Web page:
‘The gospel is fascinating!’ said a young man who was attending our church for the first time one Sunday. I was preaching on ‘The gospel – the story’, the first of a four part series entitled ‘The gospel – the story, the person, the promise and the power”. I started at creation and worked my way to Christ and His resurrection. The goal was to explain how it all fits together. The gospel is objectively delightful. It is in understanding the story from the beginning that we grasp the awesome genius of God; that we stand in awe at the miracle of Christ and salvation.
One long story
My premise in this first part is that the Bible is narrative, one continuous narrative made up of different life stories, but from creation to final judgement it is one story, the story of God’s dealings with man.
In so doing i discovered I was not being original, rather putting baby steps in the footsteps of great men. Milton in writing Paradise Lost sought to retrace in fiction, the whole gamut of man’s relationship with God and God’s dealing with man. His avowed intent was to ‘justify the ways of God to men’. Athanasius, the 4th century church father wrote a treatise called ‘The Incarnation of the Word of God’ (De Incarnatione Verbi Dei). The first few pages were devoted to the doctrine of creation and explained why.
He said “You may be wondering why we are discussing the origin of men when we set out to talk about the Word’s becoming Man. The former subject is relevant to the latter for this reason: it was our sorry case that caused the Word to come down, our transgression that called out His love for us, so that He made haste to help us and to appear among us. It is we who were the cause of His taking human form, and for our salvation that in His great love He was both born and manifested in a human body.”
The Gospel and our sorry state
That basically says it all. Indeed our ‘sorry state’ goes back a long way, as far back as the very creation of man. The first ‘men’ walked away from the relationship of trust and intimacy God offered. They allowed suspicion, pride, greed and desire for self-aggrandizement to overtake them; and they sinned against the Creator. As a consequence, humankind became fundamentally flawed, cursed and separated from the presence of God. The story begins here. And it continues with God’s eternal plan to repair that which was broken and restore that which was lost.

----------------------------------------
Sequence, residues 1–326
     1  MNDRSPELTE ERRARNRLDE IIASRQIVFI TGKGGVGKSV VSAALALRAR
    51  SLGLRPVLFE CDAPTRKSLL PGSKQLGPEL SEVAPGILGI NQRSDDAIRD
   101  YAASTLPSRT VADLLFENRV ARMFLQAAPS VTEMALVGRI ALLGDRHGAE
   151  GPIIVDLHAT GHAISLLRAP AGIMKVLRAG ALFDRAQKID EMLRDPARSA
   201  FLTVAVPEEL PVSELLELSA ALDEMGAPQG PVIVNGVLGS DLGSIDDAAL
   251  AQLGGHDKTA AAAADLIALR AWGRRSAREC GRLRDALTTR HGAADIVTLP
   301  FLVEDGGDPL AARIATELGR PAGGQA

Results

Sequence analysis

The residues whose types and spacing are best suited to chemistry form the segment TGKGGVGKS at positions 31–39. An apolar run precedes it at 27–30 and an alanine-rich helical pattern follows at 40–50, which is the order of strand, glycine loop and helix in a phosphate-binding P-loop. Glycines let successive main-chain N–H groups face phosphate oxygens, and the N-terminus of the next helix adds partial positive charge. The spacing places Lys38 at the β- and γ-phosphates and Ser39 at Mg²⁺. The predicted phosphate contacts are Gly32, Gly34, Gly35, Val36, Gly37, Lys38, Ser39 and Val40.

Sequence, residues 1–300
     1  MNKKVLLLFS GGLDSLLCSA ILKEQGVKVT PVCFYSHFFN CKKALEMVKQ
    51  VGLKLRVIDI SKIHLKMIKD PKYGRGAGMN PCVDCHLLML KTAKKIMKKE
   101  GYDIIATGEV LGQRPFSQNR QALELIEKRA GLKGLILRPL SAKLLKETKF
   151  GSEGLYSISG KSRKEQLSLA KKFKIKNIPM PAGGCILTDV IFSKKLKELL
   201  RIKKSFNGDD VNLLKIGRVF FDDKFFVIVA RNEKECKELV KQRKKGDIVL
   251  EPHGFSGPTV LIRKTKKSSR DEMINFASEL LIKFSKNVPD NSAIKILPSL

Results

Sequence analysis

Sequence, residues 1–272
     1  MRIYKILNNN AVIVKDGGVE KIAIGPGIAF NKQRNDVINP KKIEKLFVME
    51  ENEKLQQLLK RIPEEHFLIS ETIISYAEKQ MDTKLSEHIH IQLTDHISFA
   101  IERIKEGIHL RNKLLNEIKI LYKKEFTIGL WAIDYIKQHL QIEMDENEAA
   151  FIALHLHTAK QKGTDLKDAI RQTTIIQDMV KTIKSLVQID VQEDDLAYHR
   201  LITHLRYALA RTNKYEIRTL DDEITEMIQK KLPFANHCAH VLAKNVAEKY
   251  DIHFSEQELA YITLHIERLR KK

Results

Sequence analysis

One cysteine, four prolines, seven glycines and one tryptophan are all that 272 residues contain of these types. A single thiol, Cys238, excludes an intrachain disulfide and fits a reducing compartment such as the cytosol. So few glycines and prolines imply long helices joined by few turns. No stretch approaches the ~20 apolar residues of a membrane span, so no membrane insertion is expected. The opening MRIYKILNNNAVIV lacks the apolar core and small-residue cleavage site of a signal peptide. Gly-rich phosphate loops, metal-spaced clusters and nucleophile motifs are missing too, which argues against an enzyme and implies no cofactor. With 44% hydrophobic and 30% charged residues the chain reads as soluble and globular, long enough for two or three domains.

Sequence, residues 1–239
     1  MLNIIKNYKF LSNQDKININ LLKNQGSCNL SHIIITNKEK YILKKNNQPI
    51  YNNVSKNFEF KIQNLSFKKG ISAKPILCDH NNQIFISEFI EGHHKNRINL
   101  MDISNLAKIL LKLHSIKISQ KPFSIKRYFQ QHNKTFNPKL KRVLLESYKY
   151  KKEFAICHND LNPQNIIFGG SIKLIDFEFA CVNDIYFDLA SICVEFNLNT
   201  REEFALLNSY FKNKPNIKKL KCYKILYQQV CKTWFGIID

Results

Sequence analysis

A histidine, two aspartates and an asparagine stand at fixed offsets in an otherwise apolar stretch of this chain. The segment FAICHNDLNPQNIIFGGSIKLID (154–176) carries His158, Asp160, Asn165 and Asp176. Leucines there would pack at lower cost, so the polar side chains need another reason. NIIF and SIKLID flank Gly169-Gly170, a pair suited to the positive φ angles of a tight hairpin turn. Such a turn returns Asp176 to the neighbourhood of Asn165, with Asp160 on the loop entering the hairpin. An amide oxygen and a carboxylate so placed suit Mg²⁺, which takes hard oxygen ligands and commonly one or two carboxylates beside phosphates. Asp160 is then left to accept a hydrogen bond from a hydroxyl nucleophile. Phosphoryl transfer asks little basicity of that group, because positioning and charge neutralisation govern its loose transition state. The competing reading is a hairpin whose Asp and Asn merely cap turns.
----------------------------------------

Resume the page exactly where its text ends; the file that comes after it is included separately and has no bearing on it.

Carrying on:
The awesome thing is that even after Adam turned his back on God, God continued to sustain His creation. He would forge covenants with diverse individuals who were willing to walk with Him. Simultaneously humanity was being prepared for the coming of the One who would break the curse and bridge the divide at the appropriate time. He forged covenants with Adam, Abraham, Noah, David, successively. He instituted the law, the tabernacle worship, etc and came as close to His people as they could bear while under the burden of sin.
Through varying seasons of obedience and most often disregard of His commands, He sought by all means to preserve a people. He needed a people through whom the One who would bring a new order would come. The prophets repeatedly spoke of it, everyone awaited it, and one day, it finally happened. Messiah came, but differently from what many had imagined.
How and why He came
He came, not as a king to break the yoke of Roman oppression and restore the earthly glory of the nation, rather as One who equated Himself with God and claimed to forgive sins.
They were stunned, but He knew what they did not know. He knew the human condition was akin to terminal illness. And unless somehow the sick person could have all his ailments transferred to another and take on the healthy body of the other, he was as good as dead. He needed a person to accept the ailments and yet not be destroyed by them. That is what Jesus did in the story of the gospel.
By His death and resurrection:
- He carried the terminal illness of sin afflicting humankind, bore the brunt of it, and dispensed with it.
- He provided the remedy for the sin which impeded the once vibrant relationship and had condemned man to eternal separation from God.
- He broke the curse and bridged the gap. So anyone who chooses to accept Him can experience spiritual restoration, the re-establishment of the relationship with God that was severed by sin, and entry into God’s kingdom.
The value and need for redemption only become obvious as we understand the fundamental flaw of mankind, and the dastardly situation he found himself in after the fall.
As we understand the gospel message,
- we see how we fit into it, we revel in it and in the thinking behind it.
- it broadens our perspective of God.
- it takes us beyond the utilitarian, highly personalised view of God’s interaction with mankind, which sometimes hinders our grasp of the extremely diverse range of His action in the earth.
It is time Christians in our generation grasped the whole gospel story and began to tell it. Share this article and tell it to someone.
Have a great day.
ps : this article was retrieved from the archive, given some tender loving care and put before your beautiful eyes again because it is so important.
Books - An Eye to the Crown; Reborn.
TV - Passion pour Dieu.
Ministry - Abba House church, The Theophilus Company.
Latest posts by Bola Ogedengbe (see all)
- Thriving in the midst of trouble and a story of courage! - 19/07/2017
- Is the Western church losing its mind and its way? - 11/07/2017
- How to apprehend your new life in God - 29/06/2017